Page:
The Cincinnati Enquirer from Cincinnati, Ohio on September 19, 1991 · Page 17
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September 19, 1991

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The Cincinnati Enquirer from Cincinnati, Ohio · Page 17

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Thursday, September 19, 1991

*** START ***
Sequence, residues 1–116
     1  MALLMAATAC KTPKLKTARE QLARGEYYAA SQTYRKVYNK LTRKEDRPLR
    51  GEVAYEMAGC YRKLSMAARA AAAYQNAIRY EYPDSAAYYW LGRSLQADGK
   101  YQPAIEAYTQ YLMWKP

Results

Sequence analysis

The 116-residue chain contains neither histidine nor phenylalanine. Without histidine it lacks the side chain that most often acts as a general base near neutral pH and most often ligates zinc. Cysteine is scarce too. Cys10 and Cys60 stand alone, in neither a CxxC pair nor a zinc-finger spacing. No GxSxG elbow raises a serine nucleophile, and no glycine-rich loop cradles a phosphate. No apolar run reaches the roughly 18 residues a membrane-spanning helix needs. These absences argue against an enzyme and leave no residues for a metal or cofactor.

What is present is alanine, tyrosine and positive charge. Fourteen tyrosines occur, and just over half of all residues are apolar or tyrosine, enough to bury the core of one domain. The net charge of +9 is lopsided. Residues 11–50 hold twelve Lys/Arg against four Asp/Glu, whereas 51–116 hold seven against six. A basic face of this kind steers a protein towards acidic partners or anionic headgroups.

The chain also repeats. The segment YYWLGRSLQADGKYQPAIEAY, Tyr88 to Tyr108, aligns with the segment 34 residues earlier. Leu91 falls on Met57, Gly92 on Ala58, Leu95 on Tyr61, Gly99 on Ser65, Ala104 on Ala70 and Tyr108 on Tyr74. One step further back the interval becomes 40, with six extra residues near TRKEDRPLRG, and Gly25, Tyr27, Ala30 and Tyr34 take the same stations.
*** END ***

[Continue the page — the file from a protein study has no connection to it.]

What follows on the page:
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THE CINCINNATI ENQUIRER THURSDAY, SEPTEMBER 19, 1991 B-5 Amex stocksB-6 Mutual fundsB-6 NYSE stocksB-7 NASDAQ selectB-8 Housing starts down eatioeally Portfolio BUSINESS NEWS, 369-1962 O) 1 - - mcmnati i area posts M M 3.9 drop 3100 3050 3000 2950 2900 BY JEFF McKINNEY The Cincinnati Enquirer Despite a drop in housing luou - starts in Greater Cincinnati in August, the local housing market is not being affected by the recession as severely as the rest of the nation. 6 iu li is io i io Sept. Dow Jones 30 Industrials Dally highs, with closes at arrow tip Area-Interest stocks In Industrial average (NYSE change from previous day) AT&T Unch. GEE 14 P&G 78 Cincinnati Stock Exchange volume Wednesday 928,300 Across the country, housing starts dropped 6.5 in August, the National Association of Home Builders said Wednesday. A total of 95,300 homes were built in August, vs. 102,000 in August, 1990. M-fm hthi k ill -r - i 'if - ' J Locally, the number of homes under construction in Cincinnati and Northern Kentucky in August was 513, down 3.9 from 534 m August, 1990, according to the Home Builders Association of Greater Cincinnati and the Home Builders Association of Northern Kentucky. But housing starts in Cincin nati rose for the second consecu Market crawls slightly ahead The stock market eked out a small gain Wednesday while Wall Street kept a cautious eye on news from the Middle East. Trading slowed in the absence of some investors who were observing the Jewish holiday Yom Kippur. The Dow Jones average of 30 industrials, which had slipped 2.02 points on Tuesday, edged up 4.70 to 3,017.89. Big Board volume came to an estimated 141.30 million shares as of 4 p.m. EDT, against 168.31 million at the same point Tuesday. Salomon selling securities Salomon Inc. said in a federal filing Wednesday that it is selling large securities holdings to help finance its operations because of increased difficulty in borrowing money. Salomon, which has admitted violating rules governing Treasury auctions, said its borrowing costs had in - -- n i , . .mi- " . . . . tive month. That may indicate lower interest rates might be causing people to buy more expensive homes after selling their existing ones, said Nancy K. Ca- The Cincinnati Enquireclile photo Housing construction in Greater Cincinnati, although down compared to August, 1990, is doing better than the nation as a whole. Housing indicators creased because of the scandal and it was hall, a spokeswoman for Cincinnati home builders. A total of 414 building permits was issued for single-family homes in August in Hamilton, Butler, Clermont and Warren counties, up 5.1 from 394 permits issued in August, 1990, Ca-hall said. "We're hoping that housing starts this year will be the same or slightly higher than a year ago," she said. In Northern Kentucky, 99 permits were issued for single-family homes in Boone, Kenton and Campbell counties, down 29.2 from 140 permits issued during August, 1990. Don Wiedeman, a spokesman for the Home Builders Association of Northern Kentucky, said making "substantial reductions in secun ties positions." In a filing with the Securi New construction of houses and apartments totaled a seasonally adjusted annual rate of 1.065 million, up from a revised 1.059 million a month earlier. The July rate was even weaker than the original estimate of 1.07 million. Although housing starts have increased 25.7 since their January low, starts in the first eight months of the year remained 20.9 below those of the same period of 1990. Analysts said the government report suggested the housing recovery was weakening, if not stopping. "These numbers show a housing recovery losing steam, at least through August," said economist Richard Peach of the Mortgage Bankers Association. housing starts might have flattened out after rising this summer because people are concerned about the economy. Walt Dunleavy, a vice president at Rauch & MacDonald Builder Inc. in Alexandria, Ky., said consumers could be concerned about the economy because it's being portrayed negatively by the national media. "Even though the local economy is strong, people seem to be holding back a little until they believe the national economy is improving," Dunleavy said. Nationally, on a month-to-month basis, new housing construction rose 0.6 from July to August, the smallest gain in three months. The three basic indicators that gauge the housing industry locally and nationally (with their latest figures): Existing homes: Homes that have been occupied and resold. The number of homes sold in July in Cincinnati and Northern Kentucky was 1,341, compared with 1,343 in July, 1990. Nationally, the number of units sold was 314,000 in July, compared with 299,000 In July, 1990. The August report will be issued Sept. 25. New homes: Homes that have been sold for the first time by a real estate agent or builder. The number sold in July in Cincinnati was 161, unchanged from July, 1991. Real estate agents in Northern Kentucky do not break down new-home sales. Nationally, the number of new units sold in July was 472,000, compared with 541,000 in July, 1990. The August report will be issued Sept. 29. Housing starts: Brand-new homes that are being built. The number of homes under construction in Cincinnati and Northern Kentucky in August was 513, vs. 534 in August, 1990. The number of homes built nationally in August was 95,300, compared with 102,000 in August, 1990. The September report will be issued Oct. 18. 5 ties and Exchange Commission, Salomon said the securities sales were designed to reduce the firm's dependence on unsecured sources of funding, which have been harder to come by because of the scandal. Borrowers losing battle Recession-pinched consumers are falling behind on loan payments at the second-highest rate in more than a decade, a trade erouo said Wednesday. The per centace ot Tristate consumer loans at least 30 days past due rose to a Local firm saluted for hot invention seasonally adjusted 2.73 in the April-June A Tristate list of delinquencies in consumer loans during the April-June quarter of 1991 and the same period a year earlier. The figures, which are unadjusted, represent the percentage of bank consumer loans 30 days or more in arrears. quarter, the American Bankers As sociation said. It was on their technological significance or because their inventions are the type of thing people say "gee whiz why didn't I think of that." Cassidy said Zesto Therm's ration heater falls in the latter category. "They've created a product that's extremely safe, that works under adverse conditions like Desert Storm and requires no technology on the part of the user," he said. Zesto Therm has sold about six million ration heaters so far. The company has also attempted to market the product to hunters and outdoors enthusiasts. tion that heats the water to boiling. The meal-in-a-pouch MREs are heated after about 10 minutes in the boiling water. Kuhn, who formed Zesto Therm in 1984, shares patent rights to the invention with the University of Cincinnati. He was traveling to Chicago Wednesday and couldn't be reached for comment. Robert Cassidy, R&D editor, said the R&D 100 is selected annually by the magazine's editors and a panel of judges from hundreds of inventions submitted each year. The winners are picked, he said, based will be featured in the magazine's October issue. Zesto Therm's invention was used by thousands of troops in Operation Desert Storm to heat millions of field rations, called Meals-Ready-to-Eat, or MRE, by the military. Developed by William E. Kuhn, Zesto Therm president and a former University of Cincinnati research professor, under a grant from the Defense Department, the ration heater is simplicity itself. Adding water to a plastic bag containing a 20-gram wafer sets off a chemical reac BY MIKE BOYER The Cincinnati Enquirer A flameless ration heater made by a small Springdale firm has been picked as one of the 100 best inventions this year by R&D magazine, an industrial research trade publication. The ration heater, produced by Zesto Therm Inc., on Northland Boulevard, is among 30 of the inventions on display today at Chicago's Museum of Science and Industry, as a preview of this year's R&D 100 Award winners. The award winners the fifth con s e c u t i v e 1990 2.43 2.74 1.90 2.36 1991 1.80 1.72 2.66 2.56 State Ind. Ky. Ohio U.S. quarterly in crease and except for temporary spurt to 2.88 in the third quarter of 1989, the highest level since the second Toyota ad War put airline orders on standby made in BY MIKE BOYER The Cincinnati Enquirer CFM execs earn Legion of Honor the U.S.A. The recession and the Persian Gulf aftermath have taken some of the thrust out of airlines' aircraft orders this year, the head of BY FREDERICK STANDISH The Associated Press most visible symbol of Franco-American industrial and technological cooperation," and noted that SNECMA has become one of brilliant engineer and a pivotal person in the fruitful Franco-American cooperation." A graduate of the University of Cincin DETROIT Toyota's U.S. television advertising for 1992 will include shots of workers inside the company's Georgetown, p i Ky., assembly plant to show the largest Japanese automaker is a good U.S. citizen. France's leading exporters as a result of its cooperation with GE. He told Bilien: "France is grateful for what you've a c c o m - Ren Rooney, corporate mar nati, Homan joined GE in 1956 and worked on the F101 engine program for the B-l bomber before being named man- keting manager for Toyota Motor quarter of 1980. Economists said the upturn, from 2.67 in the first three months of the year and 2.55 a year earlier, was a bad sign for the economic recovery because it will make banks even more cautious about credit. BankAmerica had big stake BankAmerica Corp., a founding investor in the Bank of Credit and Commerce International, had a much higher stake in the outlaw institution than previously believed, the Federal Reserve says. BankA-merica's dealings with BCCI go back to the founding of the international bank in 1972 by a group of Pakistani businessmen. Over the years, some BankAmerica executives and managers took jobs with BCCI. Minority-owned firms trail Small businesses owned by white men had far greater revenues than those owned by minorities and women during the 1980s economic boom, a Census Bureau report said Wednesday. Small businesses owned by white men on average had $189,000 in receipts in 1987, more than double the average for owners from any other group except Asian-Pacific Islander men. Firms owned by men of Asian-Pacific Islander origin on average had $107,000 in receipts. Firms owned by Hispanic men had average receipts of $66,000 apiece; by black men, $50,000 apiece; and by American Indian and Alaska native men, $47,000. Dudley Taft named to board Dudley S. Taft, 51, has been elected to the board of directors of Cincinnati-based The Future Now Inc. Taft is president and chief executive officer of Taft Broadcasting Co. With more than 300 employees, the company has six sales offices in Cin-rinnati- Cnlumhus. Ohio: Davton. Ohio; BY MIKE BOYER The Cincinnati Enquirer The Legion of Honor, France's highest award, was presented Wednesday to two Cincinnatians for their role in the growth of CFM International, the best-selling jet engine venture of SNECMA of France and GE Aircraft Engines. Jean Bilien, CFM chairman and a former SNECMA executive, and Frank R. Homan, who retired recently as CFM executive vice president, were presented the award by Jacques Andreani, France's ambassador to the United States, at GE's Jet Propulsion Museum in Evendale. Since its first order in 1979, CFM has become the world's best-selling commercial jet engine with orders of more than $30 billion. Andreani hailed the GE-SNECMA partnership as "the Bilien France s largest jet engine company said Wednesday in Cincinnati. Largely because airline passenger traffic hasn't improved as quickly as anticipated, "the market (for new aircraft) isn't very good now," said Louis Gallois, chairman of SNECMA, a partner with GE Aircraft Engines on several commercial engine programs. But he said SNECMA expects the aircraft market to rebound next year as airline traffic grows. Gallois came to Cincinnati to meet with GE executives and participate in a ceremony awarding the French Legion of Honor to two key executives of the GE-SNECMA partnership Jean Bilien, chairman of CFM International, and Frank Homan, who retired this year as executive vice president of the joint venture. Starting in 1969 when it joined forces with GE on the CF6-50 engine, SNECMA has been a major GE partner. In addition to the CF6 program, SNECMA, which stands for Societe Nationale d'Etude et de Construction de Moteurs de'Aviation, is a 50-50 partner ager of Homan CFM engine systems in 1980. Established to recognize service to the French Republic, the Legion of Honor was previously awarded to three GE executives: Jack Welch Jr., GE chairman; Brian H. Rowe, senior vice president of GE Aircraft Engines and Gerhard Neumann, Rowe's predecessor. plishcd." Bilien joined SNECMA in 1966 after graduating from college. While at SNECMA he worked on the Olympus 593, the engine that powers the French Concorde supersonic jet. He joined CFM in 1975 as manager of military applications and was named chairman in 1986. Homan, said Andreani, "is a Sales, U.S.A., Inc., on Wednesday denied the ad was an effort to counter a "Buy American" campaign some companies and organized labor have used in the past. "We just want people to know we build cars" in the United States, he said. "In the long run, it will show Toyota Motors as a participant in the United States." The Toyota ad will be the first national television ad by a Japanese automaker showing its U.S. workers. Honda Motor Co. Ltd., Mazda Motor Corp. and Nissan Motor Co. Ltd. also operate their own manufacturing plants in the United States. Toyota's Kentucky assembly plant, which began building Cam-rys in 1988, is undergoing a major ' expansion. It will be the source of about 80 of the redesigned 1992 Camry cars sold in the United States next year. Engines made by GE and SNECMA are now on about 28 Brian H. Rowe, GE's senior vice president. Gallois said the GE90 has laid the groundwork for 40 more years of cooperation between the two companies. Fort Wayne, Ind.; Indianapolis and Louis- with GE on the best-selling CFM56 engine and is a 25 partner on the new high-thrust GE90 engine. "It's what I call continuous improvement at its best," said of the world s commercial jet fleet and will be on half the jets flying by the end of the century, Compiled by Dick Benson from staff and news service reports said Bilien. T II 1 n n l I i " - r 1 ! ii 'li t AAr-i.AJiHm,